The Michigan MurdersEdward Keyes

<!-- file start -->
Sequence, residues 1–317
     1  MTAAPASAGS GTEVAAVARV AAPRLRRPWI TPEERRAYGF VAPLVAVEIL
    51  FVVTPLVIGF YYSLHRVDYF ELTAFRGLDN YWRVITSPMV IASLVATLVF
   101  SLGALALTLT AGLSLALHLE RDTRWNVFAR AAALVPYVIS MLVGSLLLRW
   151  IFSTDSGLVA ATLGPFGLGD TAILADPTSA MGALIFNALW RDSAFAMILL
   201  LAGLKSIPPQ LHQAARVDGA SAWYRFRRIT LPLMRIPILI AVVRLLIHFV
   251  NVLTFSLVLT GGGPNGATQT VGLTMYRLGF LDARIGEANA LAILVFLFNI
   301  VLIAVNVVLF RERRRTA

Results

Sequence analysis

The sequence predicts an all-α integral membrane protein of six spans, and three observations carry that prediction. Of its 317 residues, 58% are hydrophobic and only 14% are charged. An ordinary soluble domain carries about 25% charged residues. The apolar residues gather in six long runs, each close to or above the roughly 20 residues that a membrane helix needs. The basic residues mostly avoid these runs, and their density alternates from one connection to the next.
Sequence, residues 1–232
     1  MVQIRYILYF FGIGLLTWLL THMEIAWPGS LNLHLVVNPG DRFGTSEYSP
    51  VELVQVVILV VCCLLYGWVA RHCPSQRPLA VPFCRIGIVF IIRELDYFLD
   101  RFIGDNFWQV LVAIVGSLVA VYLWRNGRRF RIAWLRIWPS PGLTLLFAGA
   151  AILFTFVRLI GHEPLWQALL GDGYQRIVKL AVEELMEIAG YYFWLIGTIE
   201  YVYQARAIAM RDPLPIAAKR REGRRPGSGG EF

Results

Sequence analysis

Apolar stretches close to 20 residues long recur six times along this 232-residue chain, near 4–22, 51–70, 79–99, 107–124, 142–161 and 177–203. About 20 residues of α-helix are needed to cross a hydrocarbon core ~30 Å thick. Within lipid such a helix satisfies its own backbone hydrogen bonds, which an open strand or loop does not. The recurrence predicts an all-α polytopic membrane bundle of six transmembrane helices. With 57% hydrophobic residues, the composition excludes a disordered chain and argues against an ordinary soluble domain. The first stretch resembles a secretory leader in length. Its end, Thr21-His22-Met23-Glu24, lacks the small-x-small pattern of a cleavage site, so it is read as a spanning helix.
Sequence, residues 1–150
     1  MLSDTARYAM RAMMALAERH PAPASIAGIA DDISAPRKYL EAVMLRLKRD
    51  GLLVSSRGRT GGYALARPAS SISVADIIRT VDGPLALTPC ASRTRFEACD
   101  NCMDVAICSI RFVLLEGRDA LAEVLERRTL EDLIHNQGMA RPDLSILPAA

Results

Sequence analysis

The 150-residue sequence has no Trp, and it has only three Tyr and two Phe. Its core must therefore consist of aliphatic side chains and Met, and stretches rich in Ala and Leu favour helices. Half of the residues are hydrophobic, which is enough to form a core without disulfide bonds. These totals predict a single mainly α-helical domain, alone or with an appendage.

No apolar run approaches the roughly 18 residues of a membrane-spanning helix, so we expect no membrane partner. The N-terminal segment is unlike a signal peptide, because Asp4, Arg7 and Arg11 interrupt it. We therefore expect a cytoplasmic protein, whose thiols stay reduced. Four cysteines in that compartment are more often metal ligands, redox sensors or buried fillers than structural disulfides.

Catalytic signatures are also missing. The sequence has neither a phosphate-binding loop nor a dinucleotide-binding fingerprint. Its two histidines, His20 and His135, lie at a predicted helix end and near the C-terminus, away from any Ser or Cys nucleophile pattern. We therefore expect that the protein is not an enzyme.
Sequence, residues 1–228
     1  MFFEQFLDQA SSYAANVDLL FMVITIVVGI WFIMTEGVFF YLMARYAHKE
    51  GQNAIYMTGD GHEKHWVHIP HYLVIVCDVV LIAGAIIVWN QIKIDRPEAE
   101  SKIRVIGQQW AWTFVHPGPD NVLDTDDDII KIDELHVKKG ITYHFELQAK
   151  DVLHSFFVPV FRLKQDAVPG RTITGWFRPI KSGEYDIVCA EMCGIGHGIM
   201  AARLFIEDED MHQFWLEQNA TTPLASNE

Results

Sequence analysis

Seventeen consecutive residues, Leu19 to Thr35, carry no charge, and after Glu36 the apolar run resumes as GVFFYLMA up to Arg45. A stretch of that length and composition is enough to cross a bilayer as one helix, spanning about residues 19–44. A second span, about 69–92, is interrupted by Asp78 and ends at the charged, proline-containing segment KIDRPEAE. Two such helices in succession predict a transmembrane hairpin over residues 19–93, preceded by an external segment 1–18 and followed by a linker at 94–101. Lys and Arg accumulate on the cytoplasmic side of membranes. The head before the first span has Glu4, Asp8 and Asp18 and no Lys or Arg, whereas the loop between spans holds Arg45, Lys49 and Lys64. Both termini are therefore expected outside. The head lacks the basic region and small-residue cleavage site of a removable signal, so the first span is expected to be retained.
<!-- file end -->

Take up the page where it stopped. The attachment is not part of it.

Edgar Award Finalist: The terrifying true story of savage murders, a terrorized midwestern town, and the serial killer who could have lived next door In 1967, during the time of peace, free love, and hitchhiking, nineteen-year-old Mary Terese Fleszar was last seen alive walking home to her apartment in Ypsilanti, Michigan. One month later, her naked body—stabbed over thirty times and missing both feet and a forearm—was discovered, partially buried, on an abandoned farm. A year later, the body of twenty-year-old Joan Schell was found, similarly violated. Southeastern Michigan was terrorized by something it had never experienced before: a serial killer. Over the next two years, five more bodies were uncovered around Ann Arbor and Ypsilanti, Michigan. All the victims were tortured and mutilated. All were female students. After multiple failed investigations, a chance sighting finally led to a suspect. On the surface, John Norman Collins was an all-American boy—a fraternity member studying elementary education at Eastern Michigan University. But Collins wasn’t all that he seemed. His female friends described him as aggressive and short tempered. And in August 1970, Collins, the “Ypsilanti Ripper,” was arrested, found guilty, and sentenced to life in prison without chance of parole. Written by the coauthor of The French Connection , The Michigan Murders delivers a harrowing depiction of the savage murders that tormented a small midwestern town. ery engrossing . . . in the finest you can’t put it down tradition.” — Hartford Courant “This factual account of each murder, through the conviction of the killer, has all the excitement of a first-rate work of fiction, and is told straight, without the usual sociological jargon. Keyes collaborated with Robin Moore on The French Connection; The Michigan Murders is his first solo effort, and it is a good one.” — The Miami Herald “ The Michigan Murders is the ultimate True Crime classic, unfolding like great mystery fiction while still delivering the powerful charge of real life.” —Jamie Agnew, owner, Aunt Agatha’s Mystery Bookshop “True crime devotees won’t want to miss this one!” — Publishers Weekly Edward M. Keyes (1927–2002) was born and raised in the Bronx, New York. He graduated from Fordham University, where he wrote for the newspaper and was a lefty pitcher for the baseball team. He continued writing for more than forty years, first as a newspaper reporter, columnist, and editor for small-town New York dailies, and later as a staff writer for such magazines as Look and Quick . His articles appeared in Sports Illustrated , Cosmopolitan , True , American Weekly , Inc. Magazine , and TV Guide , among others, and he cowrote a syndicated newspaper column with famed trial lawyer Melvin Belli. In 1956 Keyes coauthored, with Al Schact (the Clown Prince of Baseball), My Own Particular Screwball , and in 1969, he collaborated with author Robin Moore on the bestselling thriller The French Connection , which was adapted into an Academy Award–winning film of the same name. He is the author of the Edgar Award–nominated and New York Times– bestselling true crime book The Michigan Murders ; Double Dare , a suspense thriller set in New York City based on the true story of an undercover police informant; and Cocoanut Grove , a spellbinding, minute-by-minute account of the fire that destroyed Boston’s Cocoanut Grove nightclub in November 1942. Keyes and his wife and partner, Eileen Walsh Keyes, raised seven children in New Rochelle, New York. He spent his final years retired in San Diego, California.